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Reviews 383 a variety of poetic forms (e.g. Native American oral works translated into verse form, tanka and haiku, early free verse) and has searched for both typical and atypical elements in poets of earlier generations. Wendt does not strive to be a transparent editor; she reads these works through the filter of her own critical and social agenda, as in her consistent efforts to link the works ofearlier women poets to current feminist concerns. Primus St. John, in the contemporary section of the volume, explicitly sought to include “invisible” voices. Though he expresses dissatisfaction with the diversity he was able to structure, many lively voices appear, representing divergent views of poetry as well as varying race, gender, ethnicity and class. He also openly faces the question ofwho qualifies as an Oregonian: “Their private allegiance is enough to sanctify them as Oregon writers. . . .” Some recurrent themes surface: Cecelia Hagen and Michael S. Harper write of their children; Harold L.Johnson and Miles Wilson write ofwar experiences. And there are the unique poems like Marilyn Krysl’s reflections on feet and Kaz Sussman’s cel­ ebration of birth and music. The variety will keep any audience reading. This is, after all, an anthology, and readers experience that terrible disap­ pointment of loving a poem and not finding more by a particular author. But then, there are those suggestions for further reading, those bibliographies, and soon we’re in the library, the bookstore. There are worse things! CAROL S. LONG Willamette University Lighting Out: A Vision of California and the Mountains. By Daniel Duane. (Saint Paul, Minnesota: Graywolf Press, 1994. 292 pages, $12.00.) He was simply a youth tremendously excited with life. . . . [H]e wanted to live so much and to get involved with people. . . . Jack Kerouac, On theRoad This passage summarizes Daniel Duane’s Lighting Out: A Vision ofCalifornia and theMountains. Duane’sstory, like Kerouac’s, is the story ofyouth looking for “IT.”This odyssey, written in the first person and filled with the hip vernacular of the nineties, traces the life of the protagonist from his last days at Cornell to his return to California (which seems to represent a rejection of much of the political baggage of post-modernism), with side trips through relationships, family, and adventures that center around climbing. In fact, climbing and family are the two constants in the book. The protagonist, a beginning climber, follows in the footsteps of his father and uncle, both of whom he respects and who are veteran Sierra and Yosemite climbers. The one thing missing from Duane’s text in comparison to Kerouac’s is rebellion and what appears to be utter disregard for people with differing ideas and philosophies. 384 WesternAmerican Literature The rock climbing in the story serves as a metaphor for the author’sgrowth and development. As climbs get bigger and more dangerous, and therefore require more commitment, the protagonist seems to mature not only as a climber but as a human being. According to the British mountaineer Doug Scott’s essay “On the Profundity Trail,” to attempt difficult climbs in remote places allows the climber to step away from the world of the commonplace, to grow through experience, adventure, and hard work and then to be able to return to society renewed. Duane states: “During the long and painful rappel, disappointment mingled with elation at being both alive and freed from my stupid ambition. I touched ground and dropped everything: terra plata. A nervous young Brazilian man—beautiful with long hair—smiled and said, ‘Goodjob.’Heroes home from the front. Conquerorsjust for considering it.” The reader comes away from Lighting Out with this same positiveness, something refreshing and very important in contemporary literature. MIKELVAUSE WeberState University WayDown YonderIn TheIndian Nation. ByMichael Wallis. (New York: St. Martin’s Press, 1993. 251 pages, $18.95.) The 66 Diner; Ethel’s97 Bar-B-Q; Woody Guthrie’s songs. These are just a few of the sights and sounds that fill Michael Wallis’s Way Down Yonder In The Indian Nation, a collection of sixteen essays which attempt to imbue Oklahoma with both a reclaimed sense ofhistory and a discernible sense ofplace. Hoping to counter perceptions of Oklahoma...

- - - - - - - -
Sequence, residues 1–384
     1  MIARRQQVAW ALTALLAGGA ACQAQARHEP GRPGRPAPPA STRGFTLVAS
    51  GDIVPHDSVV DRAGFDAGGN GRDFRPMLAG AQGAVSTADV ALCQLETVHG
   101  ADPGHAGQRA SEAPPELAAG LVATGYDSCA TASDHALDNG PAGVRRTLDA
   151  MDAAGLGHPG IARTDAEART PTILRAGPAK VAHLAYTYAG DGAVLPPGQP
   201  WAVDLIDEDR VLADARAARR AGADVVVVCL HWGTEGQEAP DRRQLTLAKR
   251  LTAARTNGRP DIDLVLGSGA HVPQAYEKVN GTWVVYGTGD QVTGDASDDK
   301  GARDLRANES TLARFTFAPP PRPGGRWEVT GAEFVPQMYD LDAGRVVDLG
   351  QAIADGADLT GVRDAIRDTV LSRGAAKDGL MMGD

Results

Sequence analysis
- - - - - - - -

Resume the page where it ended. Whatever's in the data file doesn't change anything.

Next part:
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pp. 383-384
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